Is There Hope After A Fraud Denial?

Is There Hope After A Fraud Denial?

Dear Attorney Gurfinkel:

I was petitioned by my U.S. citizen parent in 2011 as single. The priority date became current, and I submitted all the forms and paid all the fees. When I went for my interview at the U.S. Embassy, my visa was refused because the consul said I had committed fraud about 15 years ago, when I applied for a tourist visa.

At that time, I paid someone who said they could help me get a tourist visa, and apparently they submitted some fake documents with my application, including land titles and bank statements. The consul saw that the documents were fake (because apparently this same fixer had submitted the same documents for other people, so the embassy had a record of these documents).

My tourist visa was refused due to fraud, and now my immigrant visa is also being refused for that same fraud. But the fraud happened so long ago. Is there any hope for me to immigrate to the U.S.?

Very truly yours,


Dear JG:

If a person is ever found to have committed fraud, the fraud stays on their record forever. Therefore, even if a person committed fraud decades ago, it could still come up whenever they apply for another visa. Therefore, even though your fraud occurred 15 years ago in connection with applying for a visitor’s visa, it is still on your record.

In such a case, a person is required to apply for a waiver (or forgiveness) of their fraud. But not everyone is eligible to apply for a fraud waiver. The basic requirements and eligibility for a fraud waiver include:

  1. The person must have a “qualifying relative,” which includes either a spouse or a parent who is a U.S. citizen or green card holder. U.S. citizen children are not considered qualifying relatives. If a person committed fraud, but does not have a qualifying relative, they cannot even apply for a waiver. (I have come across cases where a U.S. citizen child had petitioned his or her parent and the petition was approved, but the parent had committed fraud in the past but had no qualifying relative. The child could not be considered a qualifying relative. Therefore, the parent could not file for a fraud waiver.) In your case, it appears you have a U.S. citizen parent, who could be considered a “qualifying relative.”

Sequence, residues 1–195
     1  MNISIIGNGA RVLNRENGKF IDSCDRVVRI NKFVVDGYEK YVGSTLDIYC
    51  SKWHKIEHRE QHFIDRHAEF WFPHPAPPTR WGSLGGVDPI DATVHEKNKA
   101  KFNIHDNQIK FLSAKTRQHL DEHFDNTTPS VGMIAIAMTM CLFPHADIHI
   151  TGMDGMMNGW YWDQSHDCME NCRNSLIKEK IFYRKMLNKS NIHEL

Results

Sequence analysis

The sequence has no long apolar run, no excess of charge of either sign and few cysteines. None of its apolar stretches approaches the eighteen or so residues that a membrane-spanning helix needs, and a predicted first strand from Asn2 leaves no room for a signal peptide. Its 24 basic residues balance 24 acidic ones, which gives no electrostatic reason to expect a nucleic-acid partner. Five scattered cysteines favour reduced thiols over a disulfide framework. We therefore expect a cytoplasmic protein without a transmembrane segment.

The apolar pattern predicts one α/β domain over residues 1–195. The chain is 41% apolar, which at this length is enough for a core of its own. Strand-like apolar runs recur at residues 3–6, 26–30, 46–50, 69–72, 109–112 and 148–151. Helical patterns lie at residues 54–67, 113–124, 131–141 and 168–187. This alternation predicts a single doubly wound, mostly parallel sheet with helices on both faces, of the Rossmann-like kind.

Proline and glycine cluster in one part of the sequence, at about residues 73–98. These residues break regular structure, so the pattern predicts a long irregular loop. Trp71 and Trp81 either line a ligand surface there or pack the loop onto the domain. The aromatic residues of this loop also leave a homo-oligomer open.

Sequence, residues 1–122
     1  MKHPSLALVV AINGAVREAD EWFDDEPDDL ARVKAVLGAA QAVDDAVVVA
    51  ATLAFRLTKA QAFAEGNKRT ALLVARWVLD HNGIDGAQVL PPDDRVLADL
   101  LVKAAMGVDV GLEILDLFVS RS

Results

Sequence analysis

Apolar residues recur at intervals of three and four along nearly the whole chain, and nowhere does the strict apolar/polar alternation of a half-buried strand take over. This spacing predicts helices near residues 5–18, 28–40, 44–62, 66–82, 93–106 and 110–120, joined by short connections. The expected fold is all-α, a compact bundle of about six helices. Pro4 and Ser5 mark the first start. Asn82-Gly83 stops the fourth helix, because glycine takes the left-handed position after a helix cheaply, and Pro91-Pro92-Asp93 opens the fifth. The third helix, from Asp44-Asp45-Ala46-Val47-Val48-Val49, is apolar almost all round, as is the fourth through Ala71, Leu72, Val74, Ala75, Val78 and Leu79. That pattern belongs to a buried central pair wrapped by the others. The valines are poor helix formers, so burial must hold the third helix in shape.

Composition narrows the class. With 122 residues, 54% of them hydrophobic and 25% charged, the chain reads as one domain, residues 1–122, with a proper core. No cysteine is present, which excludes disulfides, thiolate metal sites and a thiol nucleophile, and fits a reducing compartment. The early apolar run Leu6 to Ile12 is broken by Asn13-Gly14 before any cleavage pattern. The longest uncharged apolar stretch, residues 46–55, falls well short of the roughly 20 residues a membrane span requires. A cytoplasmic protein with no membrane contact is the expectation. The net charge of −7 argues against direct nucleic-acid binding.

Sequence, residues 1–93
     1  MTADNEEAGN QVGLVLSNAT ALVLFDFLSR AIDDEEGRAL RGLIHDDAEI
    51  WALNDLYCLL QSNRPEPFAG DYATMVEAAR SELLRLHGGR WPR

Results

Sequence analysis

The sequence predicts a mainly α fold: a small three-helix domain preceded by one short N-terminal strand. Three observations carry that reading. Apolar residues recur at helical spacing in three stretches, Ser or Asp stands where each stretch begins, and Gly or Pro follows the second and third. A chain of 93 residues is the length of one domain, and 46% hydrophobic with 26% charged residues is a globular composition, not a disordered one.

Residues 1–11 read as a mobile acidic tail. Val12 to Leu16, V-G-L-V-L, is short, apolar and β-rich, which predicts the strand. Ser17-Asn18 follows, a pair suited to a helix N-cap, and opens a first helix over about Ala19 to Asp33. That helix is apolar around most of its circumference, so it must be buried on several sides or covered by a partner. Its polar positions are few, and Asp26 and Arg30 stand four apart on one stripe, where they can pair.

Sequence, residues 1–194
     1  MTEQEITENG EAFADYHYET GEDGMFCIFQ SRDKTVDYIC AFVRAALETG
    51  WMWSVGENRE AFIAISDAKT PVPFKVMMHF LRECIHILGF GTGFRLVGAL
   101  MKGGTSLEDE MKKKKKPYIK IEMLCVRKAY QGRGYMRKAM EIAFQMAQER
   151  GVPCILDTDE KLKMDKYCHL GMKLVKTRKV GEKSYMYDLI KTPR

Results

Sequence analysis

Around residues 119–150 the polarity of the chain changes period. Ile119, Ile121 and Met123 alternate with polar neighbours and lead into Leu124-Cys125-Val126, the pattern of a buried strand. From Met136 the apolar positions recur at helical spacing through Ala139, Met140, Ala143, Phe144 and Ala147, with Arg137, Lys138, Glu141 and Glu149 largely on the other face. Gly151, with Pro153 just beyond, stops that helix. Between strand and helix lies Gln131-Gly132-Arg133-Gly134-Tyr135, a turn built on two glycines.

2. The person must demonstrate to the United States Citizenship and Immigration Services (USCIS) that their qualifying relative would suffer “extreme hardship” if the fraud waiver is not approved. Proving extreme hardship is very complex and detailed, with numerous factors that have to be proved and documented. In fact, the USCIS Policy Manual has an entire chapter on extreme hardship, detailing what it means, what are the factors, and how to go about proving it.
  3. If a convincing presentation is made, demonstrating that the qualifying relative will suffer extreme hardship, the waiver could be approved, thereby erasing the person’s fraud from their record and enabling them to either be issued their immigrant visa (if they are applying outside the U.S.), or have their adjustment of status approved (if they are applying for their green card in the U.S.).

Putting together a successful fraud waiver package is not something I would recommend that a person do on their own. Instead, if you have committed fraud, and are required to submit a fraud waiver, you should consult with an attorney who can evaluate your case, and help prepare and package a fraud waiver application, making sure all the necessary documents are included, and that the hardship factors are proved. While having an attorney assist does not “guarantee” approval, I believe it could greatly increase your chances of success. Remember, as long as the fraud is on your record, you will not be able to legalize your status or come to the U.S.



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